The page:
“The court’s responsibility when issuing a community control sanction is to rehabilitate the defendant and protect the community,” Wagner wrote in a statement to WCPO. “Judges make decisions regularly regarding a defendant’s physical and mental health, such as ordering drug, alcohol, and mental health treatment.”

In response to Rutherford’s opposition to the condition, Wagner added, “We might have to hold a hearing if the defendant has good reason not to take the vaccine. The defendant’s attorney, as of now, is not asking for a hearing.”

Wagner later told the Enquirer that Rutherford’s case was the first in which he imposed vaccination and would wait to see “how this develops” before doing so again, USA Today reported.

Rutherford’s attorney, Carl Lewis, believes Wagner is acting outside of his jurisdiction by mandating the vaccine as a condition of Rutherford’s probation.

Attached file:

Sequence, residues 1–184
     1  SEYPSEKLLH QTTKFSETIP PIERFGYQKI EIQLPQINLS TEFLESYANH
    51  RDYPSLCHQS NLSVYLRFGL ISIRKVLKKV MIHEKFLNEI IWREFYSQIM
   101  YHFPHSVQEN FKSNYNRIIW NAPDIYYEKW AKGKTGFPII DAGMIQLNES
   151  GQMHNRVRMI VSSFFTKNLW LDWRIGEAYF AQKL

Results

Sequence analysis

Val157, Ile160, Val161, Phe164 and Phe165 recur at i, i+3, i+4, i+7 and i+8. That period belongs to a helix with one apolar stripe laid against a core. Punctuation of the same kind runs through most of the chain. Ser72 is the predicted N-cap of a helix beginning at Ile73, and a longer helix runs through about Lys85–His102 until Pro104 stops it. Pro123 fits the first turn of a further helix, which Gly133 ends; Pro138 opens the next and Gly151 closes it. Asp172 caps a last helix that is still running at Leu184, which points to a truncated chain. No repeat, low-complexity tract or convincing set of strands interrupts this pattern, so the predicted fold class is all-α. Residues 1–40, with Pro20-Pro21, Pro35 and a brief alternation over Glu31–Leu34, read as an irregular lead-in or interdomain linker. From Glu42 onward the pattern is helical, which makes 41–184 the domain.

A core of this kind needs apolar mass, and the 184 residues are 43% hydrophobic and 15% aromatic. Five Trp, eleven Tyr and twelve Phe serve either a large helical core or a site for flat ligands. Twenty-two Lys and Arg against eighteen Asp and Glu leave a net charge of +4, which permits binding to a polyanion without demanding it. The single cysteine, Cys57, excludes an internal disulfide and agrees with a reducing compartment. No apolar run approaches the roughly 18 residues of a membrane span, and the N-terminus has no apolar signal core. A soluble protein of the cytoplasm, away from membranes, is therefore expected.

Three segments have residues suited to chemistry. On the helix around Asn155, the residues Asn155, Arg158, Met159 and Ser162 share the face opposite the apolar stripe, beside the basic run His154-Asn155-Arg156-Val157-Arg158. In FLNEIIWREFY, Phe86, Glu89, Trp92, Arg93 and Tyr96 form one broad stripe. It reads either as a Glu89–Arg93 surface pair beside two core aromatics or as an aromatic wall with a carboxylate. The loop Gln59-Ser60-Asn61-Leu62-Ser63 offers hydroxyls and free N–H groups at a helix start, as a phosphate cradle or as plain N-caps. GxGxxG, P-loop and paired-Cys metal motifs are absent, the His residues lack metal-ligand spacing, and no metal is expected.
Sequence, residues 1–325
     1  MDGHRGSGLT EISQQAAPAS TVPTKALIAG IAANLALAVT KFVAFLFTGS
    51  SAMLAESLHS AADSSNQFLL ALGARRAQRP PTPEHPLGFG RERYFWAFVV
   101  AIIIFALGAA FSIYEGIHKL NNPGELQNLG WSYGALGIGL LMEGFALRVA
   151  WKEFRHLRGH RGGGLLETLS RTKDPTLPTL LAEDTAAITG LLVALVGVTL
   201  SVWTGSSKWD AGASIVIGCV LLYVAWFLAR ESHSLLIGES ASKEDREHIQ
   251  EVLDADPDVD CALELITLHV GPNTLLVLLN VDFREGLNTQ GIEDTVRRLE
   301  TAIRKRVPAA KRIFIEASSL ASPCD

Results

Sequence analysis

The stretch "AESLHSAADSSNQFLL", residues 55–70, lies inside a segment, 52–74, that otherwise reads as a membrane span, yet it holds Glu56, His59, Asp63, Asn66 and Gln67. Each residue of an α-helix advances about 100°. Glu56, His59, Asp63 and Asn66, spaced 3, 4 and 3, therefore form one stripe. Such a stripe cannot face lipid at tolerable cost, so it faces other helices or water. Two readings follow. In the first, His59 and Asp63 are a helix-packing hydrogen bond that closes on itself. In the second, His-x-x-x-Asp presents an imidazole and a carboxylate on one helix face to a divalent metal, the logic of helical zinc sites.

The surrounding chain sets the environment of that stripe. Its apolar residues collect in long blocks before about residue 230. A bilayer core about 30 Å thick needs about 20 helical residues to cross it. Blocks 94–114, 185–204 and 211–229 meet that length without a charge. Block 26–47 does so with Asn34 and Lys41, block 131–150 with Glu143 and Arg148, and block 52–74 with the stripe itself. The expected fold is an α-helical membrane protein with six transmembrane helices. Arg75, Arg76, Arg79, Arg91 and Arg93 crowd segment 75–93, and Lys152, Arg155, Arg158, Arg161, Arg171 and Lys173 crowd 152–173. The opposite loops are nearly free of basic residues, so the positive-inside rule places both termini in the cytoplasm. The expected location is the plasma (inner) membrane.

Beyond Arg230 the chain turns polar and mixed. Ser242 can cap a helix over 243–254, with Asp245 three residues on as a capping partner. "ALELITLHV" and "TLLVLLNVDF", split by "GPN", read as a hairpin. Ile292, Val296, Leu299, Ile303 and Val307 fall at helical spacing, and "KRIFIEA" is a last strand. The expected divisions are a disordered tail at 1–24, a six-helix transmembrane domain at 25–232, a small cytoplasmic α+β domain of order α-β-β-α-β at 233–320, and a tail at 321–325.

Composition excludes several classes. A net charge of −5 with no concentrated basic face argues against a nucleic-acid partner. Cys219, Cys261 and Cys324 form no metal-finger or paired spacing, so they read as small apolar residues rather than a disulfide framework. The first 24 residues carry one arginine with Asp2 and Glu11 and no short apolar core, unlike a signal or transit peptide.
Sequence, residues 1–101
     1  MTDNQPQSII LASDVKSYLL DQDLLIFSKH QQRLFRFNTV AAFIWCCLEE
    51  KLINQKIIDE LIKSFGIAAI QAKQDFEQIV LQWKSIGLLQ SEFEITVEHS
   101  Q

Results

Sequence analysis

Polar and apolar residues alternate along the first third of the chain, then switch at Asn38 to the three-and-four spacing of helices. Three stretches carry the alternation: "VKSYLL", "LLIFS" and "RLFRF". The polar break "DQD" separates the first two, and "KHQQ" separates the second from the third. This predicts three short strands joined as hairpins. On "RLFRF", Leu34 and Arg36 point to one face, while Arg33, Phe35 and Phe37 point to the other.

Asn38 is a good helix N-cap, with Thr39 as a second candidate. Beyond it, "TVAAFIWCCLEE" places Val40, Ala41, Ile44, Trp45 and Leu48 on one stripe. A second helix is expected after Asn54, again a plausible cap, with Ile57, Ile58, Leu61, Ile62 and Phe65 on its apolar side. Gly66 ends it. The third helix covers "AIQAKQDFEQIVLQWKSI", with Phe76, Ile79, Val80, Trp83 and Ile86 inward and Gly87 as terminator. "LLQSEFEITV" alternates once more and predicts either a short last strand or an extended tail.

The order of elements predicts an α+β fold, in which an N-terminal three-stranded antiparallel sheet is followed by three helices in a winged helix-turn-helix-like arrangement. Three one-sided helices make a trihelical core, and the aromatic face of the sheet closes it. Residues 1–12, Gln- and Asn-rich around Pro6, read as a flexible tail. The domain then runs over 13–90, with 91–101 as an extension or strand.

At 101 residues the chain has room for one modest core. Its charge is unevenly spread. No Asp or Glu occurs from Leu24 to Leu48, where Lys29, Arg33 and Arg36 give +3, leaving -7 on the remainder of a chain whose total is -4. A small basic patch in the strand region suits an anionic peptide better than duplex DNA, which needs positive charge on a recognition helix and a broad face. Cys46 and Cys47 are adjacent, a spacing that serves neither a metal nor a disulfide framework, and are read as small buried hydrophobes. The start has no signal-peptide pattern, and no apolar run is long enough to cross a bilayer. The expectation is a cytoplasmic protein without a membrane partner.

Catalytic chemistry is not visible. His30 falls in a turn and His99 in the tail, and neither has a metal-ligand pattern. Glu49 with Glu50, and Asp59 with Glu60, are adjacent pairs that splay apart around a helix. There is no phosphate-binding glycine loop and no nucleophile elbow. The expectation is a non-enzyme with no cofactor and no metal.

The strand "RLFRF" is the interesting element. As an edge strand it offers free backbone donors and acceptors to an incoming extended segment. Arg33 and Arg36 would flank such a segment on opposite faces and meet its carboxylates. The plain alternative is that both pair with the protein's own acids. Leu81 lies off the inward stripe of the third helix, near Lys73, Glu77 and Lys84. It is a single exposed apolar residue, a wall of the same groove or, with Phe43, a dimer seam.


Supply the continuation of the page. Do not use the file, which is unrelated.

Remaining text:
“When you hear that, you’re like ‘whoa,’” Lewis said August 5. “I don’t think the judges are within their powers to do that.”

Unfortunately, Wagner was not the first to do so, and likely will not be the last. According to USA Today, Franklin County Common Pleas Judge Richard Frye mandated the vaccine as a condition of probation in two cases in Ohio. Likewise, two Cuyahoga County judges offered defendants lesser probation terms if they opted to get vaccinated.

Lewis said he does not intend to challenge Wagner’s order since he does not expect that the judge will take action if Rutherford does not get vaccinated. In the event Wagner does take action, Lewis believes it will “open the door for lawyers to litigate the issue.”